November 3, 2016: new projects in Saudi Arabia; McDermott adds new office, adds 300 employees in Saudi Arabia; Saudi Aramco sets up new division to facilitate in-kingdom projects

October 20, 2016: Exxon's CEO comments not good news for Saudi Arabia.

October 19, 2016: Saudi Arabia will offer $17.5 billion in bonds, and announced that they will pay less interest than originally "advertised." Stingy, huh?

October 17, 2016: not getting any better for Saudi.

October 8, 2016: Saudi Arabia halts aid to Egypt. No explanation given

October 5, 2016: Prince Salman's plan after one year has been incredibly unimpressive. It appears the only thing worse has been ObamaCare's track record.

August 14, 2016: Saudi Arabia's cash reserves could be exhausted by the time your high school freshman graduates from high school.

August 9, 2016: OPEC to meet in September. It is "rare" OPEC to meet "outside" of its normal twice-a-year schedule.

July 25, 2016: ExxonMobil, Saudi Arabia in discussions to develop a petrochemical complex in Texas or Louisiana. 

July 21, 2016: Saudi Aramco signs off on $13.3 billion gas processing plant

July 18, 2016: an update on Saudi Arabia's disappearing foreign exchange reserves

June 27, 2016: OPEC has lost a huge amount of revenue in the past year (2015). 

June 26, 2016: has Saudi Arabia just made a huge change in strategy on oil? The tea leaves suggest that Saudi Arabia is making a huge bet taking a new tack. [The third definition of "tack":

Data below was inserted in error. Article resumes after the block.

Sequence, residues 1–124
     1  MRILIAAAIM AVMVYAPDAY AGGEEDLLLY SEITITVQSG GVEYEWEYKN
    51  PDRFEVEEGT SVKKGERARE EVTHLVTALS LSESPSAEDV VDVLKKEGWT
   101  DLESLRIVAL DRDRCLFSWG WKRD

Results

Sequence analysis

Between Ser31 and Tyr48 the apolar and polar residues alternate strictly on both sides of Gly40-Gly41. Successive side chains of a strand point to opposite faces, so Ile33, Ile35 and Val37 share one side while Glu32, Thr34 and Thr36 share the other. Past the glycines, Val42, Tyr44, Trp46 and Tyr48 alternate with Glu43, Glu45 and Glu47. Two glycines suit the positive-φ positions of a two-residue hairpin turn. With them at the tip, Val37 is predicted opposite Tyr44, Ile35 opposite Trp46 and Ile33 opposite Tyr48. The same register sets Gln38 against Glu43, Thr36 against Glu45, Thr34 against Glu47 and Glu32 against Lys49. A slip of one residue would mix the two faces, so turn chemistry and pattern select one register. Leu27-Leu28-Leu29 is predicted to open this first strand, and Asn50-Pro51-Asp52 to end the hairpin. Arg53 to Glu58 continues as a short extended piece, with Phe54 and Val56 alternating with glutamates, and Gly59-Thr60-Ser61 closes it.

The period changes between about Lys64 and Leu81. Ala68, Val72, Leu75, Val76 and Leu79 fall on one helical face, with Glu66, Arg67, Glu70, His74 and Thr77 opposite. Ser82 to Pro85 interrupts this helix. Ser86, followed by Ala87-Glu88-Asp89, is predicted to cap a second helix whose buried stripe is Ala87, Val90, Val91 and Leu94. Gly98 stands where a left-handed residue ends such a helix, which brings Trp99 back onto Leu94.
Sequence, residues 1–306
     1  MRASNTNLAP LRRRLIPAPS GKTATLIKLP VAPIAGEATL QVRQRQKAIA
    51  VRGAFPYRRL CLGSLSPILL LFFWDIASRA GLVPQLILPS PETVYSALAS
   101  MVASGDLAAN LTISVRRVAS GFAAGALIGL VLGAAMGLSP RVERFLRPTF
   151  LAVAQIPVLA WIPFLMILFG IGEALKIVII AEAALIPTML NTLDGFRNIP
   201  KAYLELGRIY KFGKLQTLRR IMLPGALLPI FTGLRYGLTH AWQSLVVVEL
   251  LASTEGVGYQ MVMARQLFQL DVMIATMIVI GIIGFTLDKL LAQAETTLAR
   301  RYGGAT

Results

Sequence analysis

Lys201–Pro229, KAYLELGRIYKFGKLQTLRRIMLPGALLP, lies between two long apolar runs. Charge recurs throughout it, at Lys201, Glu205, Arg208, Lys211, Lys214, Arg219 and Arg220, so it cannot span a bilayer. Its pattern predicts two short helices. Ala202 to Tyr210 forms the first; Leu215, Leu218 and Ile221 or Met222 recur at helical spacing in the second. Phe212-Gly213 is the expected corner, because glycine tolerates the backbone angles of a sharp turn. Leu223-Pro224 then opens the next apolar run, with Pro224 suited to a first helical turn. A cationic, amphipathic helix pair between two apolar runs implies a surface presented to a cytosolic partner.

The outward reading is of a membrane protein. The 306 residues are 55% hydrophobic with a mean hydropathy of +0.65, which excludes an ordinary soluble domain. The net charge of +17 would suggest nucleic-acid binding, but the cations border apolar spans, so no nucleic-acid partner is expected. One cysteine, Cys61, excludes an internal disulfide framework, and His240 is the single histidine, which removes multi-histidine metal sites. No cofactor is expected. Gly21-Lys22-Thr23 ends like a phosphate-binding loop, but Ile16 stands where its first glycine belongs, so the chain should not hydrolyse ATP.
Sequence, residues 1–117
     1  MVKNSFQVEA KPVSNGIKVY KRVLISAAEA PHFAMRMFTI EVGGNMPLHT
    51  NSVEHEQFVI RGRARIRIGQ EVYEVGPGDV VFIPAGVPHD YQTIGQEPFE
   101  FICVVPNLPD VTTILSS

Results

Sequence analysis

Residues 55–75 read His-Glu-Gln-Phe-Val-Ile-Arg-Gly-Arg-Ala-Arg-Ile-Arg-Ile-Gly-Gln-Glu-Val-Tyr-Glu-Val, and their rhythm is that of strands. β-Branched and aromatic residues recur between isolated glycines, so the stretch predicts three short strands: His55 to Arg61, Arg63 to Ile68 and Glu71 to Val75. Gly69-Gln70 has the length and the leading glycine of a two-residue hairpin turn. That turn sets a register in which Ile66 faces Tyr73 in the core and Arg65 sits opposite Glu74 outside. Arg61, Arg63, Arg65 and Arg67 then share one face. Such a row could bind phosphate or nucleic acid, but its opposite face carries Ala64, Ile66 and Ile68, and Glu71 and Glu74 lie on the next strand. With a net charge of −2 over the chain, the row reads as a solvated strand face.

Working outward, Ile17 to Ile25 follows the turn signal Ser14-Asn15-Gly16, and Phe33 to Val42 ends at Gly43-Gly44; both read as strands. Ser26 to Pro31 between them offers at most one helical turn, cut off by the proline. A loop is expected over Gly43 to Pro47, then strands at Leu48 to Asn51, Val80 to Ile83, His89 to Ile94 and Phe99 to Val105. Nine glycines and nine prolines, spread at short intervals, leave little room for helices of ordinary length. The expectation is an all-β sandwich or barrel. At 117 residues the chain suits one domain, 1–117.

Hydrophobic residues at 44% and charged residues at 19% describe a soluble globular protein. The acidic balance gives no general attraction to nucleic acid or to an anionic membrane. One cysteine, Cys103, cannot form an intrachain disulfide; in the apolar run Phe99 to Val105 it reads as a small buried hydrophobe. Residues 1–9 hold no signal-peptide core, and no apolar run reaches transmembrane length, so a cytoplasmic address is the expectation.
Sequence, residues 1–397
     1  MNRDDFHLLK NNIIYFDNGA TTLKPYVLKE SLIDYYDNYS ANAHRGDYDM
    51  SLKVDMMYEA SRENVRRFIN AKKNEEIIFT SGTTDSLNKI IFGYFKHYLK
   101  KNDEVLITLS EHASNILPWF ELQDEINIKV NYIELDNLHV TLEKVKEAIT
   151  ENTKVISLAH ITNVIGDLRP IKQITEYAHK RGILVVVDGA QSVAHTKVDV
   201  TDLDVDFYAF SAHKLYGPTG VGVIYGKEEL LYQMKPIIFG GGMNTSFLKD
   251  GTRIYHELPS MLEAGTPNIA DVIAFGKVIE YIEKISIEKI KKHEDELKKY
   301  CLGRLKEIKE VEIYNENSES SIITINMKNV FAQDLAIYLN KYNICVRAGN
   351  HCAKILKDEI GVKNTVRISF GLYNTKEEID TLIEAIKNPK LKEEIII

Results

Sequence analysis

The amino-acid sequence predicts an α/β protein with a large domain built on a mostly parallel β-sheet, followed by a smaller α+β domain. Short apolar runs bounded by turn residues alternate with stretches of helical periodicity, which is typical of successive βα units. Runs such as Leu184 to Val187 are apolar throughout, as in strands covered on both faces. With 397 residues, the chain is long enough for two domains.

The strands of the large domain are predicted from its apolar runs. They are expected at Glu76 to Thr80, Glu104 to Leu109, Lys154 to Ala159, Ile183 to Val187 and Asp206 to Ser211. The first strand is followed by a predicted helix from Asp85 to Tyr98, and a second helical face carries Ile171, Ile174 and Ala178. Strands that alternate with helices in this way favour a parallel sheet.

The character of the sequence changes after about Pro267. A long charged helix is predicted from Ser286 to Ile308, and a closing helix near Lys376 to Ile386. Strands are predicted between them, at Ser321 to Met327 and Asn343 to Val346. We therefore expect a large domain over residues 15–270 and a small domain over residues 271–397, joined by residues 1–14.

change course by turning a boat's head into and through the wind.]

June 6, 2016: apparently approved

May 31, 2016: Chinese diesel exports surge on Saudi's trillion-dollar mistake; Saudi's attempts to crush US shale oil industry backfired

May 27, 2016: favorite global production graphic has been updated by the EIA

May 27, 2016: could possibly see the IPO launched in 2017 - 2018

May 23, 2016: The Salman Plan -- the death knell of OPEC

May 23, 2016: GE announces deals with Saudi Arabia totaling $1.4 billion. Data points:
  • $1 billion: Saudi Arabian Industrial Investments Co, formed in 2014, royal order to boost the country's manufacturing industry
  • $400 million toward building a forging and casting manufacturing facility for marine and energy industry in the kingdom; target date for completion, 2020; employ 2,000
  • another $2 billion likely in near future
  • note: Zacks says GE will invest $3 billion but does not break it down
May 18, 2016: it may be worse than we think

May 17, 2016: someone's bluffing. CNBC reports an Energy Aspects analysis of Saudi Arabia's plans for increased oil production. For the archives.